Another challenge, meanwhile, is that of “decoupling dynamics”. This refers to the gap between organizational intentions in DEI terms and implementation on the ground. Key barriers to the adoption of effective inclusive practices here include managers being confronted with conflicting demands from multiple stakeholders and lack of accountability. Fu explains:

Decoupling happens as employers have limited resources. When making decisions, things like profits must be taken into consideration, which results in trade-offs. So, an individual might be toxic, for example, but if they’re performing well, they could end up being promoted. As a result, a systemic approach is required to work out to what extent the organization can tolerate bad behavior.

Tackling tech bro cultures

Key to solving this conundrum is the attitude of the top team, and especially the CEO. This means that positive role-modelling is vital to encourage behavioral change elsewhere. Robbie explains:

It starts with senior leaders’ behavior and vision. They need to buy into the idea of an inclusive culture, and policies and processes all have to support its delivery. It’s also important they listen to people and ask curious questions rather than jump to conclusions. To create a high-performing team, it’s about ensuring everyone is rewarded and recognised for the good stuff but also feel supported when things don’t go well. That way people feel they can learn from their mistakes. 

Put another way, Robbie says, supporting psychological safety is imperative to create a space in which people feel they can speak up about bad behavior and be listened to rather than victimized. Creating whistleblowing policies and channels is also useful in this context. As she points out:

It’s important to have channels for people to report unacceptable behavior, and to welcome input. Things are often swept under the carpet, but it’s vital that organizations are seen to be doing something about it.

Other practices that help create a more positive culture include being very clear on what the organization stands for by ensuring its vision, mission and values are well understood. Introducing a code of conduct is useful as is management coaching and training, not least to help people develop more self-awareness.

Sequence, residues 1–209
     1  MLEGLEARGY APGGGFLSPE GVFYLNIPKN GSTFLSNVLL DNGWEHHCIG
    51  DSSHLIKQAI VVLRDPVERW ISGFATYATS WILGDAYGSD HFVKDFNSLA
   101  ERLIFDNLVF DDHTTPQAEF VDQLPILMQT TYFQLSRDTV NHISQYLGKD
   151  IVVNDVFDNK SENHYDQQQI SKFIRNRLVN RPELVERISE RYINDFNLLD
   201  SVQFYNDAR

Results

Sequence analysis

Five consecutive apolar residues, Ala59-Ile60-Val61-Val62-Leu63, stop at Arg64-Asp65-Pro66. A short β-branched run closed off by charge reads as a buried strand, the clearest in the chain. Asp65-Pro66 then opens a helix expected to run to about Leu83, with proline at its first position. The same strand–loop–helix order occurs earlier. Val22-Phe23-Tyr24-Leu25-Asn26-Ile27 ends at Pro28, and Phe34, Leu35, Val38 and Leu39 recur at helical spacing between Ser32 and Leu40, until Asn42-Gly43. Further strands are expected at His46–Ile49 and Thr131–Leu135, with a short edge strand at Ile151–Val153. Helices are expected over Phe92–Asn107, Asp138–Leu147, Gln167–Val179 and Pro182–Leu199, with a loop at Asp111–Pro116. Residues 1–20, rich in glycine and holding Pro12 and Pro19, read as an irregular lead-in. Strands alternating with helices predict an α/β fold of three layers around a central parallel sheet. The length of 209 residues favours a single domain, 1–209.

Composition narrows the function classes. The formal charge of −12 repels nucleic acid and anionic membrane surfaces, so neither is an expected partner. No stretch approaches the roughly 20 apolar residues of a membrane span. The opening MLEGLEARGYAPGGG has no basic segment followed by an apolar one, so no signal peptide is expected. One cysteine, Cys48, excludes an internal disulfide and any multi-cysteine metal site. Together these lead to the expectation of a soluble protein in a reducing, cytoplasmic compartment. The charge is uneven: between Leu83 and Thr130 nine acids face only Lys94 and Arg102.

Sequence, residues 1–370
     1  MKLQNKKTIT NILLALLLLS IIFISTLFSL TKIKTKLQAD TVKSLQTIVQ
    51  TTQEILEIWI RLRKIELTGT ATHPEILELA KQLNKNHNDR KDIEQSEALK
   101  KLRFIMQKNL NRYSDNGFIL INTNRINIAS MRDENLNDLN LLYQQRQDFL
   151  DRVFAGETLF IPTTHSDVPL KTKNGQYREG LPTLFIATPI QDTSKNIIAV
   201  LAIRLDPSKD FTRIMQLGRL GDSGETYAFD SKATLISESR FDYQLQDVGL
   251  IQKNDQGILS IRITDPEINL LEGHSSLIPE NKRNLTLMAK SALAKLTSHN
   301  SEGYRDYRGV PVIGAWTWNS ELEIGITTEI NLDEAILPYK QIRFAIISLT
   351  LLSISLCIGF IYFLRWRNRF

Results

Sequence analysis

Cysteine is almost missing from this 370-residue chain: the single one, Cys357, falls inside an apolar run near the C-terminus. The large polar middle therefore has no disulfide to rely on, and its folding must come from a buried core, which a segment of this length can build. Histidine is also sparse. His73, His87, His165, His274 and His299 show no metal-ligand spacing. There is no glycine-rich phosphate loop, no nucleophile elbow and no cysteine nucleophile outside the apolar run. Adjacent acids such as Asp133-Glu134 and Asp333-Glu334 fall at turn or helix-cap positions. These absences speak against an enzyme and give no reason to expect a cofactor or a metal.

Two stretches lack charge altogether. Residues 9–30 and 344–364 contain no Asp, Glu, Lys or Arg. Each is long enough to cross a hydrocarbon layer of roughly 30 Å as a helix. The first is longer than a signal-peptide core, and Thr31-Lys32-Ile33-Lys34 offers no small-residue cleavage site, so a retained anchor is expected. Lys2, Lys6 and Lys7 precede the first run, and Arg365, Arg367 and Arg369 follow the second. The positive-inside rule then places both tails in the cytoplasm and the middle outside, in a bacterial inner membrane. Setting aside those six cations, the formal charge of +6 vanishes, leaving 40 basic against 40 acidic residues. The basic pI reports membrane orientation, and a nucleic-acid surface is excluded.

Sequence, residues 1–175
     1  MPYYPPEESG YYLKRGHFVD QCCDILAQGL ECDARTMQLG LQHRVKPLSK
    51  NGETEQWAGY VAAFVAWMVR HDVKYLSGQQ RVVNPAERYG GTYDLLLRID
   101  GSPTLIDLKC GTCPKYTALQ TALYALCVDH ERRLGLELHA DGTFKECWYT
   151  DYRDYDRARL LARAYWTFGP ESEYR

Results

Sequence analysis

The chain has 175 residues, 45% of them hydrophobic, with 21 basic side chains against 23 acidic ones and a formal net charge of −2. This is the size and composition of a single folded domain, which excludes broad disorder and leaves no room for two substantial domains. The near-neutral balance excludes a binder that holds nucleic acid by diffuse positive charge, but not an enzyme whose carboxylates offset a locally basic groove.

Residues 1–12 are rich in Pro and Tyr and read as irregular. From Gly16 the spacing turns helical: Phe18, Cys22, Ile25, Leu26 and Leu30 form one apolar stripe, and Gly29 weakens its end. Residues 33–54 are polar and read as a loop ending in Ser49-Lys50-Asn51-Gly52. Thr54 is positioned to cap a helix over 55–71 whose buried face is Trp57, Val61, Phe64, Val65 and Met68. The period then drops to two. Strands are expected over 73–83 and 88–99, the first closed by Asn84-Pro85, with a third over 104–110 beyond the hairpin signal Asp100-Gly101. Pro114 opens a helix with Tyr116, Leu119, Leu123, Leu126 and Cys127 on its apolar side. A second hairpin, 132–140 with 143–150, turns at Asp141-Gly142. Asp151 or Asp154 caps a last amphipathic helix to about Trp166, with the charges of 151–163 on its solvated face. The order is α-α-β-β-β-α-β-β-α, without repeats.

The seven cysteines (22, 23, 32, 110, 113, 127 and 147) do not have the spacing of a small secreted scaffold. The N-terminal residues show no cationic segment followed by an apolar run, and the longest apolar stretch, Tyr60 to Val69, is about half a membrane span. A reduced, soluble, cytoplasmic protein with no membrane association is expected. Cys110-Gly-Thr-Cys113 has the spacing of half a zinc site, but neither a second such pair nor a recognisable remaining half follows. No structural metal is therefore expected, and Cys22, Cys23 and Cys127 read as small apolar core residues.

Creating an inclusive culture

Brigette McInnes-Day is Chief People Officer of robotic process automation software provider, UiPath. She believes that creating an inclusive culture should involve everyone at every level of the business:

When it comes to ‘bro culture’ or any culture, it goes beyond just an HR perspective. That’s only one leg of the stool. It’s about leadership and employees’ behavior setting the culture. It takes leaders, employees and human resources together to regulate and hold each other accountable to be culture carriers.

In other words, Robbie says:

It’s all very well having nice words on a poster, but you need role models across the organization who live and breathe the company’s values. This means that recruitment and promotion processes should be linked to an individual’s people skills, not just their technical ability. Rubbish line managers erode culture, so reward and recognition should be linked to how people behave. It’s also important to have robust performance management processes in place so everyone knows what’s expected of them. And if they don’t behave in a way that’s expected, there should be consequences to that.

Siivonen agrees:

It all starts with who you recruit into the company in the first place. So, do they fit with your culture, do they share your DEI values, and do you undertake a cultural assessment when recruiting them?

Another important consideration when trying to bring about change is employing an evidence-based management approach. Fu explains:

Introducing an analytics dashboard to show which managers, teams or departments have the highest turnover enables you to see clearly where toxic cultures are. It’s not always the entire company, it’s often about individual departments, so using analytics enables you to obtain evidence and then take action.

My take

Around half of women in tech quit their jobs by the age of 35. Activities, such as coaching and mentoring, can undoubtedly help here by boosting networks, skills and, importantly, confidence to help them progress in their careers. 

But a key problem is that the overwhelming focus tends to be on changing the individual rather than the often toxic cultures in which women find themselves. This means that if employers really are serious about attracting and retaining women in tech, they simply must dismantle these damaging cultures and create an environment which is truly open and inclusive for all.